A child psychiatrist or a mental health expert can diagnose anorexia. They will talk with parents and teachers about the child’s behavior. In some cases, your child may need mental health testing.
How is anorexia treated in a child?
Treatment will depend on your child’s symptoms, age, and general health. It will also depend on how severe the condition is.
Treatment often involves a mix of:
- Individual therapy
- Family therapy
- Behavior changes
- Nutritional rehab
- Antidepressant medicines, if your child is also depressed
- Hospital stay to treat malnutrition
Anorexia is a serious condition that causes frequent health problems. It can be severe enough that it leads to death. Because of this, both your child’s healthcare provider and a nutritionist must be active members of the care team. Parents play a vital role in any treatment. Your child may need to go to the hospital for problems linked to weight loss and malnutrition.
What are possible complications of anorexia in a child?
Anorexia and the malnutrition that results can harm nearly every organ system in the body. It can be fatal. Anorexia has one of the highest death rates of any mental illness. Most deaths are associated with medical complications.
It may lead to health problems with the:
- Heart. Damage to the heart can happen because of malnutrition or repeated vomiting. A child may have a slow, fast, or irregular heartbeat. They may also have low blood pressure.
- Blood. About 1 in 3 children with anorexia have a low red blood cell count (mild anemia). About half of children with this health problem have a low white blood cell count (leukopenia).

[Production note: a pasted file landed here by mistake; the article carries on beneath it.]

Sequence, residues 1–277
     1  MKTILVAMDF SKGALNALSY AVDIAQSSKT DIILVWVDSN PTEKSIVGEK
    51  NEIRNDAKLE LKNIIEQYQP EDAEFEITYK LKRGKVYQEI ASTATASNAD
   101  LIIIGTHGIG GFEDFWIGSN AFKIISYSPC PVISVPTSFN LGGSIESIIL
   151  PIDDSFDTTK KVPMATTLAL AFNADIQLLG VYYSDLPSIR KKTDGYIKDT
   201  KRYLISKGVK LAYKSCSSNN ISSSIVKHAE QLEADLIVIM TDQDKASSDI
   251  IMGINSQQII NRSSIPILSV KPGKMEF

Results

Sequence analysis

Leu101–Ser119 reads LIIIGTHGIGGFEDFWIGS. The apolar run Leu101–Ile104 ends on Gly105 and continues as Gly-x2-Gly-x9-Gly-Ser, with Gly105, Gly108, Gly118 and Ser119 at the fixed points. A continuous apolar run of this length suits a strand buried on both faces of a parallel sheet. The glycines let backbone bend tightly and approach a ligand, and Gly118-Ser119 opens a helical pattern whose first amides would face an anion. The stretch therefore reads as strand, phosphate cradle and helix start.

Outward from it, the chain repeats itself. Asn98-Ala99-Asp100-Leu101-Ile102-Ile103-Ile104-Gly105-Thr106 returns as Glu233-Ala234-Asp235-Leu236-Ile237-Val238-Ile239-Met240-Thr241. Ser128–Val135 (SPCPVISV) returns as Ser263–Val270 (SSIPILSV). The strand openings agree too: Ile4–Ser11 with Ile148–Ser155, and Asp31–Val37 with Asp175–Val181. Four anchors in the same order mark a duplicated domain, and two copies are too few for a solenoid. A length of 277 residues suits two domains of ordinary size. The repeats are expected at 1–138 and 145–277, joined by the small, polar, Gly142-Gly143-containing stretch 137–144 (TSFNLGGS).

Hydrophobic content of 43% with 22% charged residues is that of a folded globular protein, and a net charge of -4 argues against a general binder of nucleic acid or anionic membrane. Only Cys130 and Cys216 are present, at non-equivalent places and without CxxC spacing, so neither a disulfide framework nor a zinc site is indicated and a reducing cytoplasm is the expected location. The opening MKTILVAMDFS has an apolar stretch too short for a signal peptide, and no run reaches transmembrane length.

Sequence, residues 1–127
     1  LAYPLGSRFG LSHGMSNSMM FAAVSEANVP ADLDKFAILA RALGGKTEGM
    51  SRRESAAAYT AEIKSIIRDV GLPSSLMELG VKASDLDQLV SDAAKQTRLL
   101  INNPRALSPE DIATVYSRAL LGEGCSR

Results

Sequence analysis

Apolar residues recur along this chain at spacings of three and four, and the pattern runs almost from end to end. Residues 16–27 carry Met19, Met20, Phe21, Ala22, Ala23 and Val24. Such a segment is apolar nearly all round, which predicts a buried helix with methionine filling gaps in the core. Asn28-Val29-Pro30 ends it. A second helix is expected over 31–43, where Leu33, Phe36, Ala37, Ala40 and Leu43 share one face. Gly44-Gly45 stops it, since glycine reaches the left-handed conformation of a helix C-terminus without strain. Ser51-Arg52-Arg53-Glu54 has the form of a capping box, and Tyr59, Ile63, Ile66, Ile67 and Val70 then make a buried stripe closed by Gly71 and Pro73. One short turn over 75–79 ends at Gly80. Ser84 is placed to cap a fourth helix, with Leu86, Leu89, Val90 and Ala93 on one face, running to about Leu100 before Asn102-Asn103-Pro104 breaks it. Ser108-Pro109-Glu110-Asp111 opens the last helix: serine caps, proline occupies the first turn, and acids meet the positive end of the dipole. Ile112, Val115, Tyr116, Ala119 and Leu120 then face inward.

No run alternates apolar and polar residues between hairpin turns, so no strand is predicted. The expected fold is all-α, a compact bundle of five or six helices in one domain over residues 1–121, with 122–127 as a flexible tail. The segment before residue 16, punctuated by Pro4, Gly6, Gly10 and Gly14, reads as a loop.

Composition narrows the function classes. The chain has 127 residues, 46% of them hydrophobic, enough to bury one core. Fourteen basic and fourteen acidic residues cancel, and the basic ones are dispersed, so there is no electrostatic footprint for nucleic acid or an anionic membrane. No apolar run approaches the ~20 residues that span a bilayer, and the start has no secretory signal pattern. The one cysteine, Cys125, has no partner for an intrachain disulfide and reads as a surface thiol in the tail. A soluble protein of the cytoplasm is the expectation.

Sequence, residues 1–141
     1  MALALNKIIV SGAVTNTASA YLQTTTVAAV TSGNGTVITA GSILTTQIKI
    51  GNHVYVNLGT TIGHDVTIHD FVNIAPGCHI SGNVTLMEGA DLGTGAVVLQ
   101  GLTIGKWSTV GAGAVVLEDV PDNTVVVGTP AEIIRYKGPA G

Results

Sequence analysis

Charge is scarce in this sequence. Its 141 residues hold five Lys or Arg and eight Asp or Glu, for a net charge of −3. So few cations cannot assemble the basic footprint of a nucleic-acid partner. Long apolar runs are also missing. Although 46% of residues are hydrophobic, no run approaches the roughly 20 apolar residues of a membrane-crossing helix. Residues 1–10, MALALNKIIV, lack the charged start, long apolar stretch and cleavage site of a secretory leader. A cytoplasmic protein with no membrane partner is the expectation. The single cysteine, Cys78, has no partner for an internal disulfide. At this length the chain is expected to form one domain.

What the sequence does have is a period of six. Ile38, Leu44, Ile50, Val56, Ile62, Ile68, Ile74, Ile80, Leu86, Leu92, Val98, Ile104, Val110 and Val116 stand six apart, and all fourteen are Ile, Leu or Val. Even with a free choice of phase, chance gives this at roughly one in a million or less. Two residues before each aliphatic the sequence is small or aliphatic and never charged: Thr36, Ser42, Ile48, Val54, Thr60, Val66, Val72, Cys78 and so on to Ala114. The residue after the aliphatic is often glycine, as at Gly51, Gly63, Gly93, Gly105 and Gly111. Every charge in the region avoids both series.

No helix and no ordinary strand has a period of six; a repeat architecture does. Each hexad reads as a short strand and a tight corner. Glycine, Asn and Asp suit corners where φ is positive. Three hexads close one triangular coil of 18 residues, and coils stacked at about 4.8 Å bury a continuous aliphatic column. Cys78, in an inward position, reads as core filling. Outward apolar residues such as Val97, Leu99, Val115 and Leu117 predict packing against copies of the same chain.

- Digestive tract. Normal movement in the intestinal tract often slows down with very restricted eating and severe weight loss. Gaining weight and taking some medicines can help fix it.
- Kidneys. Fluid loss (dehydration) from anorexia may lead to highly concentrated urine. Your child may also make more urine. This may happen when the kidneys’ ability to concentrate urine is impaired. Kidney changes often return to normal when your child is back to normal weight.
- Endocrine system. In girls, a lack of menstrual periods is one of the hallmark symptoms of anorexia. It often happens before severe weight loss. It may continue after normal weight is restored. Lower levels of growth hormones are also sometimes found in teens with anorexia. This may explain the delayed growth sometimes seen in children with anorexia. Normal eating habits often restore normal growth.
- Bones. Children with anorexia are at a greater risk for broken bones. When anorexic symptoms start before peak bone formation has been reached (most often mid- to late teens), there is a greater risk for decreased bone tissue or bone loss. Bone density is often found to be low in girls with anorexia. They may not get enough calcium in their diet or absorb enough of it.
How can I help prevent anorexia in my child?
Experts don’t know how to prevent anorexia. But spotting and treating it early can reduce symptoms. It can enhance your child’s normal development. It can also improve their quality of life. Encouraging your child to have healthy eating habits and realistic attitudes toward weight and diet may also help.
How can I help my child live with anorexia?
If you are worried your child has an eating disorder, talk with their provider right away. Here are things you can do to help your child:
Talk to your child about your concerns and listen to their perspective on the situation.